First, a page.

3. We implement this method in two deferent steps. The outline of our algorithm is:

    . Step 1. We assume that the current time stamps of the sequences are synchronous and extract common topics from them.

    . Step 2. We synchronize the time stamps of all documents by matching them to most related topics, respectively. Then, we go back to Step 1 and iterate until convergence.

    The main symbols used throughout the paper are listed in Table 1.

    TABLE 1

    Symbols and Their Meanings

    we assume the current time stamps of all sequences are already synchronous and extract common topics from them. In other words, now p(t|d) is fixed and we try to maximize the likelihood function by adjusting p(t|z) and p(w|z). Thus, we can rewrite the likelihood function as follows:

    Fig. 1 Topic Mining with time Synchronization.

    The computational complexity of the topic extraction step (with the EM algorithm) is O(KVT) while the complexity of time synchronization step is approximately O(VMT3). Thus, the overall complexity of our algorithm is O(VT(K + MT2)), where V is the size of vocabulary, T the number of different time stamps, K the number of topics, and M the number of sequences. If

    we take V , K and M as constants and only consider the length of sequence, which is T, the complexity of Algorithm 1 becomes O(T3). We will show in the next section how to reduce it to O(T2) with a local search strategy.

  4. Here the performance of our method on the news feeds data set. We extracted 15 common topics (K = 15) from two news feeds consisting of 61 days news reports with full texts. The local search radius was set to be 3, as we assumed that time difference between (online) news articles belonging to the same topic normally will not exceed 3 days. The topic extraction step remained the same. We list in Fig. 2 the topical words of all 15 common topics

    extracted by our method (sync) and those by the baseline method (no_sync) in Fig. 3 Comparing these two sets of results, we can see that both methods discovered some common topics in the sequences, e.g., British sailors captured in Iran, Campus shooting at VT, France presidential election, Darfur problem,etc.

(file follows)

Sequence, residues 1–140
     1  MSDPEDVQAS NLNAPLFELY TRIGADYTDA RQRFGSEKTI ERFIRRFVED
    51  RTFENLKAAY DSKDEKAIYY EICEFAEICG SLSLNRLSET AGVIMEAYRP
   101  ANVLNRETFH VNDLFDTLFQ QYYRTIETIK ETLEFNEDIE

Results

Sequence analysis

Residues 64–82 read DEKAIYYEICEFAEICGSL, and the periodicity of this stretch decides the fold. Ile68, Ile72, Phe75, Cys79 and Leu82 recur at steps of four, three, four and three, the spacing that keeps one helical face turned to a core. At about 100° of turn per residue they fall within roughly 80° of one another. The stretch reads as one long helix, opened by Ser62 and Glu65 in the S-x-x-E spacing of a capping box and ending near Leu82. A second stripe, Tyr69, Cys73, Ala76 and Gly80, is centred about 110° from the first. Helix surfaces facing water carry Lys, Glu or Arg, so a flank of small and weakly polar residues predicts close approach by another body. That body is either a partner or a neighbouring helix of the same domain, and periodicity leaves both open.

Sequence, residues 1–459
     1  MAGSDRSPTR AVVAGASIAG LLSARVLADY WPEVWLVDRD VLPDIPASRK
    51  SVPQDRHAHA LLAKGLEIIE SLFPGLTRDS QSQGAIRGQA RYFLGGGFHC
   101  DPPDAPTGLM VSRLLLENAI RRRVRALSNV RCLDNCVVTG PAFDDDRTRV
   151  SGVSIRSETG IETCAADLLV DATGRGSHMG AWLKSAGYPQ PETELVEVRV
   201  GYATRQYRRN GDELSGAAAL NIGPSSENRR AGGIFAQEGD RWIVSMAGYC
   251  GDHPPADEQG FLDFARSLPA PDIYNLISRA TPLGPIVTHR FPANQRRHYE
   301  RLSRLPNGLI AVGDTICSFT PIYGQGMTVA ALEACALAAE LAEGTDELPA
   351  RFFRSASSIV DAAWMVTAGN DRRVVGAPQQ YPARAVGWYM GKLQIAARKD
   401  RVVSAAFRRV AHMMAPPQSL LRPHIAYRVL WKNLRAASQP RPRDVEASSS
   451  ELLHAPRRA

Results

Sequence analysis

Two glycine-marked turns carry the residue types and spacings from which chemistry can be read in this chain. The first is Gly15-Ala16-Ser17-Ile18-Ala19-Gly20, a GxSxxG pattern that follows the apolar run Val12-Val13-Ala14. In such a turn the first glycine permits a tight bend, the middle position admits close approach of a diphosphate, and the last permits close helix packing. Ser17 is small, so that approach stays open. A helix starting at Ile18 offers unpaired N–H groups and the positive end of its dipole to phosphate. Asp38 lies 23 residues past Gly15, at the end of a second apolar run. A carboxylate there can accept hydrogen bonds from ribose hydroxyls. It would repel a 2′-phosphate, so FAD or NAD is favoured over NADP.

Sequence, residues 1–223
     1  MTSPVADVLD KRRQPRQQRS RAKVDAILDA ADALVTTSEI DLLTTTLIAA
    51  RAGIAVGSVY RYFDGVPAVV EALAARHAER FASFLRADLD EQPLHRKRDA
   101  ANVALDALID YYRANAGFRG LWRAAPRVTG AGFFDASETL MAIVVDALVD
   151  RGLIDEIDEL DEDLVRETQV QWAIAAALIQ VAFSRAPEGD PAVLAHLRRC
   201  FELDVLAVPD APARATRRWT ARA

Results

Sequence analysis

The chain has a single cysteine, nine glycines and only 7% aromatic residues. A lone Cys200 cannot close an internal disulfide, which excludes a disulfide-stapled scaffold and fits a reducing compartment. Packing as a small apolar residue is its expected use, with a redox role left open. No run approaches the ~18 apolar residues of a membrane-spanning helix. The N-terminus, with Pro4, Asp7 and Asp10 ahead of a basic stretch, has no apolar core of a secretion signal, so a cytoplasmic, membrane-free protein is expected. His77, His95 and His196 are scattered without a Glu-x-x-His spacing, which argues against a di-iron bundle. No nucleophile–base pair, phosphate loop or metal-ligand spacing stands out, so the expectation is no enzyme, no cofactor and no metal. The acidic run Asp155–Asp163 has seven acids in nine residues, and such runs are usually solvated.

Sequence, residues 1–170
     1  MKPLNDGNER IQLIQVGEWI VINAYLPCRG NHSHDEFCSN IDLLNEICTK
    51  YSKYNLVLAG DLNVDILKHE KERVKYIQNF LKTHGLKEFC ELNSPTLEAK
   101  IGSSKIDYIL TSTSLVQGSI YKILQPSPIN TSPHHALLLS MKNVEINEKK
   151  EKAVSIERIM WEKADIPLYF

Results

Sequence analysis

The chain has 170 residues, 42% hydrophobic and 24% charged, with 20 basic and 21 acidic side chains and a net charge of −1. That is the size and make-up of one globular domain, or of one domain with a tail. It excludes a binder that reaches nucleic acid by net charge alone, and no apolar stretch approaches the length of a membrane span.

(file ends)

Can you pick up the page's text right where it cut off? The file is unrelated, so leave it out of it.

Fig. 2. Common topics extracted by our method (sync) from news feeds (K =15).

    Fig. 3. Common topics extracted by the baseline method (no_sync) from news feeds (K = 15). Underlined are duplicated topical words.

    Fig. 4 proves in quantity that topics extracted by our method (sync) are much more discriminative to each other than those extracted by the baseline method (no_sync).

    Fig. 4. The pairwise KL-divergencebetween topics extracted from the news feeds (K = 15). (a) sync. (b) no_sync.

    Figs. 5 and 6 show how our method adjusted the time stamps of documents in both news sequences, which is consistent to its behavior on literature repositories: it

    automatically discovered documents related to the same topic after considering their semantic as well as temporal information and then assigned them to the same time stamp.

    Fig. 5. The mapping from documents original time stamps (upper axis) to those determined by our method (lower axis) in news streams. (a) IHT. (b) People.

    Fig. 6. Normalized average time offset of news articles at each day. (a) IHT. (b) People.

  5. Conclusion

    In this paper we undertake the problem of mining common topics from multiple asynchronous text sequences. Here we propose a different method which can automatically discover and fix potential synchronism among sequences and consequentially extract better common topics. The key idea of our method is to introduce a self-refinement process by utilizing correlation between the semantic and temporal information in the sequences. Results suggest that the performance of our method is robust and stable against different parameter settings and random initialization.

  6. Reference

  1. D.M. Blei and J.D. Lafferty, Dynamic Topic Models, Proc. Intl Conf. Machine Learning (ICML), pp. 113-120, 2006.

  2. D.J. Berndt and J. Clifford, Using Dynamic Time Warping to Find Patterns in Time Series, Proc. Knowledge Discovery in Databases (KDD) Workshop, pp. 359-370, 1994.

[3]H. Sakoe, Dynamic Programming Algorithm Optimization for Spoken Word Recognition, IEEE Trans. Acoustics, Speech, and Signal Processing, vol. ASSP-26, no.1, pp. 43-49, Feb. 1978.

[4] X. Wang, C. Zhai, X. Hu, and R. Sproat, Mining Correlated Bursty Topic Patterns from Coordinated Text Streams, Proc. ACM SIGKDD Intl Conf. Knowledge Discovery and Data Mining (KDD),pp. 784-793, 2007.